A significant number of parents are not allowing their daughters to receive the HPV (human papilloma virus) vaccine, despite an increase in doctors recommending it. The HPV vaccine is a series of three shots given to pre-teen and teen girls and boys over the course of six months to prevent HPV and related conditions, most notably, cervical cancer in women.

Between 2008 and 2010, the percentage of doctors recommending the HPV vaccine rose from 48% to 52%. However, the CDC reports that only around one-third of eligible girls have received the HPV vaccine. In a study of parents not planning on having their daughters receive the vaccine, the percentage of those concerned about its safety increased from 5% to 16% over the course of three years. Another 17% cited the lack of necessity of the vaccine as the reason their daughters won’t receive it.

In response to concerns over the safety of the HPV vaccine, Dr. Joseph Bocchini, a pediatrician on the CDC’s Advisory Committee on Immunization Practices has stated that “we have not identified a significant likelihood of serious adverse events following vaccine” and that it “is a very safe vaccine.” Claims that the vaccine is not necessary appear weak after identifying what results from HPV. Nearly all instances of cervical cancer are caused by HPV, and many cases of vulvar and vaginal cancer are linked to it. This doesn’t mean men are exempt from HPV. 95% of anal cancers and 60% of oropharyngeal cancers (cancers in back of the throat, base of the tongue and tonsils) are caused by HPV. Vaccinating both boys and girls significantly reduces the risk of them having several forms of cancer in the future.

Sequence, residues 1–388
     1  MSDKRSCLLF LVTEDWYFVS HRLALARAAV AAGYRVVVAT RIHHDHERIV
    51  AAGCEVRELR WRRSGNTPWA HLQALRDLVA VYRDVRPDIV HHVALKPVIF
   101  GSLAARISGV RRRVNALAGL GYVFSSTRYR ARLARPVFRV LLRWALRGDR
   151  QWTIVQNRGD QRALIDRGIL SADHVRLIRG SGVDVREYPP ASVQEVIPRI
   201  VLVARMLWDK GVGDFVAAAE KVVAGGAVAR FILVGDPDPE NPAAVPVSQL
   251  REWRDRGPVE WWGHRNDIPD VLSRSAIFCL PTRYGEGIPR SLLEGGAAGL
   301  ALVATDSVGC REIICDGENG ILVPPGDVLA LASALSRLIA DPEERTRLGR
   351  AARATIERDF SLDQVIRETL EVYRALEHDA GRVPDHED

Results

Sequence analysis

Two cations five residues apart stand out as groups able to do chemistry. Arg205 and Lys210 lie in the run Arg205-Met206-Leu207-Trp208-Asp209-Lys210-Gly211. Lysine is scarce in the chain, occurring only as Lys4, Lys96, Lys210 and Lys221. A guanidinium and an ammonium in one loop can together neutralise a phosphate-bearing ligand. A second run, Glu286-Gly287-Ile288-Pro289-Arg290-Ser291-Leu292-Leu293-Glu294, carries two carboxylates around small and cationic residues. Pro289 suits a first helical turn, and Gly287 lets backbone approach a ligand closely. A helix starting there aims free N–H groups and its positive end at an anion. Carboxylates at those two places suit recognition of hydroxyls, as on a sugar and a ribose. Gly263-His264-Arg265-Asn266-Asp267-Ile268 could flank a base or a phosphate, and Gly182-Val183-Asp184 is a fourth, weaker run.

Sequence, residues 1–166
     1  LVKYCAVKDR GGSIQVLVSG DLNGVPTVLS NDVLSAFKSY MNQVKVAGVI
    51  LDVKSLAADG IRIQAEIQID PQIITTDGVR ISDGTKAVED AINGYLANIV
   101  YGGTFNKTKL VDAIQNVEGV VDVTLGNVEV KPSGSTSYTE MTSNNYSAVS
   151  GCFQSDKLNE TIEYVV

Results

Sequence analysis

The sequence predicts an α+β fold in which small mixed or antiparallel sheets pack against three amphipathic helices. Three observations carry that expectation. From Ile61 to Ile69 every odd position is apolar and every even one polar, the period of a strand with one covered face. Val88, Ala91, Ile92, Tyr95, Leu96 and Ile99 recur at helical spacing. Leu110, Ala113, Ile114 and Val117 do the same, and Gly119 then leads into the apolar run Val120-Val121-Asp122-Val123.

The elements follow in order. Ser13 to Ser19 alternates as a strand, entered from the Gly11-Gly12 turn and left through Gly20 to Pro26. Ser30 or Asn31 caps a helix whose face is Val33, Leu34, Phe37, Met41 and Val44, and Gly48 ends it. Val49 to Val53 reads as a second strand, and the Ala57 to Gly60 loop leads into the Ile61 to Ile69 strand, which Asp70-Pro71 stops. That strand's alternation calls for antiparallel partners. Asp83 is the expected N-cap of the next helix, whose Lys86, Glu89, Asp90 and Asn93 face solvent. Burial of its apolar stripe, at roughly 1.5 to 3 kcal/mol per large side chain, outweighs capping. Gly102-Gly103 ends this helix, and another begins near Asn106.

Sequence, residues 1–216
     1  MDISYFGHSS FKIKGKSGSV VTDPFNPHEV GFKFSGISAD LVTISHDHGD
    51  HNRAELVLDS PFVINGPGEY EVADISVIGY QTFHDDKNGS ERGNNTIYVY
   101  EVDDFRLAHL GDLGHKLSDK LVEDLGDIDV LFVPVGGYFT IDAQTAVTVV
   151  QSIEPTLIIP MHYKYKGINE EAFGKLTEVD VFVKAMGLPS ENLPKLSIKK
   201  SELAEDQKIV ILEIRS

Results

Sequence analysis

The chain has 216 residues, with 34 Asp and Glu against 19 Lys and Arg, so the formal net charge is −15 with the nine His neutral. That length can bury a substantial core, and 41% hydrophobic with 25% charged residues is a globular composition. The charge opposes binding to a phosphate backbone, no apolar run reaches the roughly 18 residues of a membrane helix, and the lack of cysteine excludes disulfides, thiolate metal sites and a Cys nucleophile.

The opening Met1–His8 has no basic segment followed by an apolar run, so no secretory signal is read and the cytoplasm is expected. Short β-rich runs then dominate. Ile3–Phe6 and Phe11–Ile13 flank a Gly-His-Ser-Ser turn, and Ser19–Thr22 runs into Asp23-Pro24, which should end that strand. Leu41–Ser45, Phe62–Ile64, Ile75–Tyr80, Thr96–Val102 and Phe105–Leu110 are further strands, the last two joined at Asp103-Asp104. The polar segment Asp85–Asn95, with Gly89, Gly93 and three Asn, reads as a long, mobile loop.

Increasing education efforts may help increase the rate in which children receive the HPV vaccine. Currently, there is a strong correlation between receiving a doctor’s recommendation and receiving the vaccine. However, many teens do not see a primary care provider regularly in the years they can be vaccinated. Additionally, parents may not know about the vaccine, or feel they don’t know enough about it and how it can help their children. To tackle these problems, education programs that target the general public are necessary.

For more information on the HPV vaccine, click here.

 

Sources:

Hensley, Scott. "Worried Parents Balk at HPV Vaccine for Daughters." NPR. 18 March 2013.
"HPV and Cancer." Centers for Disease Control and Prevention. 5 February 2013. 

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